American Society for Testing and Materials. E1459–92 Standard Guide
for Physical Evidence Labeling and Related Documentation. West
Conshohocken, Pennsylvania: American Society for Testing and Mate-
Bureau of Alcohol, Tobacco and Firearms. ATF Arson Investigative
Guide. Washington, D.C.: U.S. Department of the Treasury, Bureau of
Alcohol, Tobacco and Firearms, 1997.
Cole, Lee S. The Investigation of Motor Vehicle Fires. 3d ed. Novato,
California: Lee Books, 1992.
DeHaan, John D. Kirk’s Fire Investigation. 4th ed. Upper Saddle River,
New Jersey: Brady Publishing/Prentice Hall, 1997.
DiNenno, Philip J., ed. The SFPE Handbook of Fire Protection Engineer-
ing. Quincy, Massachusetts: National Fire Protection Association and
Society of Fire Protection Engineering, 1999.
“Glossary of Terms.” Fire and Arson Investigator 40 (2): 25–34.
International Fire Service Training Association. Introduction to Fire
Origin and Cause. 2d ed. Stillwater, Oklahoma: Fire Protection
Munday, J.W. Safety at Scenes of Fire and Related Incidents. London:
Fire Protection Association, 1995.
National Fire Protection Association. Fire Protection Handbook. 18th ed.
Quincy, Massachusetts: National Fire Protection Association, 1997.
National Fire Protection Association. NFPA 472: Standard for Profes-
sional Competence of Responders to Hazardous Materials Incidents.
Quincy, Massachusetts, 1999.
National Fire Protection Association. NFPA 906: Guide for Fire
Incident Field Notes. Quincy, Massachusetts: National Fire Protection
National Fire Protection Association. NFPA 921: Guide for Fire and
Explosion Investigations. Quincy, Massachusetts: National Fire Protec-
A Pocket Guide to Accellerant Evidence Collection. 2d ed. Saugus,
Massachusetts: Massachusetts Chapter, International Association of
Arson Investigators, 2000.
Quintiere, James G. Principles of Fire Behavior. Albany, New York:
Delmar Publishers, 1997.
Appendix C. National Resources
International Association of Arson Investigators
International Fire Service Training Association
National Association of Fire Investigators
National Center for Forensic Science
National Fire Protection Association
Appendix D. Points of Contact
Bureau of Alcohol, Tobacco and Firearms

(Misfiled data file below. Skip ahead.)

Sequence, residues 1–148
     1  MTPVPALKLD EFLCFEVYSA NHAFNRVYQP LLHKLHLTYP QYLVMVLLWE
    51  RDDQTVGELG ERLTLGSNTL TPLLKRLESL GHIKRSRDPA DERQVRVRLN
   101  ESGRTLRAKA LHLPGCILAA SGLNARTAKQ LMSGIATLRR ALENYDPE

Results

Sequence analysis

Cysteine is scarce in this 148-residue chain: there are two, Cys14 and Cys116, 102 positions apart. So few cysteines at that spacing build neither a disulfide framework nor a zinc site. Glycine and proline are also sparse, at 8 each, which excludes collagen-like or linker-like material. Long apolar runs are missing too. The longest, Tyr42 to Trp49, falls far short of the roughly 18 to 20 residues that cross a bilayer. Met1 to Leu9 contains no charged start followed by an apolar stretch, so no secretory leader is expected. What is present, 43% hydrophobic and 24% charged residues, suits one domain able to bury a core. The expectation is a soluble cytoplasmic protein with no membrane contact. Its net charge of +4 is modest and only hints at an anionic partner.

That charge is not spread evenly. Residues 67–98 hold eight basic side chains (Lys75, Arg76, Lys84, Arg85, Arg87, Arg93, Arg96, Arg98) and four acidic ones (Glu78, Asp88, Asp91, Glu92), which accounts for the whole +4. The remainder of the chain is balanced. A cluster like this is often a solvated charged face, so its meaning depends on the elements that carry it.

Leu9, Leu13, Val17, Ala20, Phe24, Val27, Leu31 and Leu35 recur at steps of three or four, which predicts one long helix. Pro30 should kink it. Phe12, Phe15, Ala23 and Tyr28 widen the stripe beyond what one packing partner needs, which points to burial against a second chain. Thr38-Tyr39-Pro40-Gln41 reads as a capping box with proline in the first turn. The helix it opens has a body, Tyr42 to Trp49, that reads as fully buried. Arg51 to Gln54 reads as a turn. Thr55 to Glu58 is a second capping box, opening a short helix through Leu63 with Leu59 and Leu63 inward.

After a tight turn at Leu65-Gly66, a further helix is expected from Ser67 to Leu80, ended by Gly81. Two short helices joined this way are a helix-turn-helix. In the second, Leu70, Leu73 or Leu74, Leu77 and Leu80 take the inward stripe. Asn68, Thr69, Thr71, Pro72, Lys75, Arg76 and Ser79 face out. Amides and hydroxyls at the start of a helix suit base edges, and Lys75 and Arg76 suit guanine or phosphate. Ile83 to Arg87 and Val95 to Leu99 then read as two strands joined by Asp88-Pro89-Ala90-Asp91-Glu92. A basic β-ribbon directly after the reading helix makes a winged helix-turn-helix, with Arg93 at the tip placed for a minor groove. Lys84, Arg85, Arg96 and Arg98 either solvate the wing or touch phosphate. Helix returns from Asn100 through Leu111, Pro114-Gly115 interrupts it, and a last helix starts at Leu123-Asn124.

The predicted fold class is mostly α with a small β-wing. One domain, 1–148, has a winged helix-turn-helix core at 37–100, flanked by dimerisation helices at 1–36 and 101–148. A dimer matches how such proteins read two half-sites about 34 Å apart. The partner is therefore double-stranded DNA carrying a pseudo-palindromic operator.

Headquarters Enforcement Operations Center
Arson and Explosives National Repository
Arson and Explosives Programs Division
Chemical Transportation Emergency Center (CHEMTREC®)
Federal Bureau of Investigation
Federal Emergency Management Agency
U.S. Fire Administration
National Institute of Standards and Technology
Building and Fire Research Laboratory
U.S. Consumer Product Safety Commission
U.S. Environmental Protection Agency
National Response Center
Appendix E. List of Organizations
The following is a list of public and professional organizations to which a
draft copy of this document was mailed.
Accomack County (Virginia) Sheriff’s Conference of State Court Administrators
Connecticut State Police Forensic Science
Alaska Criminal Laboratory Laboratory
Alaska Public Defender Agency Conyers (Georgia) Police Department
Allegheny County (Pennsylvania) Fire Council of State Governments
Covington (Tennessee) Fire Department
American Academy of Forensic Sciences
Crime Scene Academy
American Bar Association
Criminal Justice Institute, Inc.
American Correctional Association
Delaware State Fire Marshal’s Office
American Jail Association
Drug Enforcement Administration
American Prosecutors Research Institute
Edinburg (Texas) Police Department
American Reinsurance Company
Fairbanks (Alaska) Police Department
American Society of Crime Laboratory Directors
Federal Bureau of Investigation
American Society of Law Enforcement Trainers
Federal Law Enforcement Training Center
Anchorage (Alaska) Police Department
Florida Department of Law Enforcement
Arapahoe County (Colorado) Sheriff’s Office
Florida International University
Armed Forces Institute of Pathology
Florida Division of State Fire Marshal
Association of Federal Defense Attorneys
Georgia Bureau of Investigation
Bridgeport (Michigan) Forensic Laboratory
Harlingen (Texas) Police Department
Bristol (Virginia) Police Department
Hidalgo County (Texas) Sheriff’s Office
Broward County (Florida) Sheriff’s Office
Illinois State Police
Brownsville (Texas) Police Department
Indiana State Police Laboratory Division
Bureau of Alcohol, Tobacco and Firearms
The Institute for Genomic Research
Cameron County (Texas) Sheriff’s Office
Institute of Police Technology and
Campaign for an Effective Crime Policy Management, University of North Florida
Chicago (Illinois) Fire Department International Association for Identification
Children’s Defense Fund International Association of Bomb
Technicians and Investigators
Cincinnati (Ohio) Fire Division
International Association of Chiefs of Police
City of Donna (Texas) Police Department
International City/County Management
City of Inver Grove Heights (Minnesota) Association
Clark County (Nevada) Fire Department International Homicide Investigators Association
Cleveland State Community College Basic
Iowa Division of Criminal Investigation
Jefferson Parish (Louisiana) Fire Department
Commission on Accreditation for Law
Enforcement Agencies Juneau (Alaska) Police Department
Laredo (Texas) Police Department National Organization for Victim Assistance
Law Enforcement Training Institute, National Sheriffs’ Association
University of Missouri—Columbia
New Hampshire State Police Forensic Laboratory
Los Angeles (California) Fire Department
New Jersey State Police
Maine State Police Crime Laboratory
New York State Office of Fire Prevention
Massachusetts State Police and Control
McAllen (Texas) Police Department Office of Law Enforcement Standards, National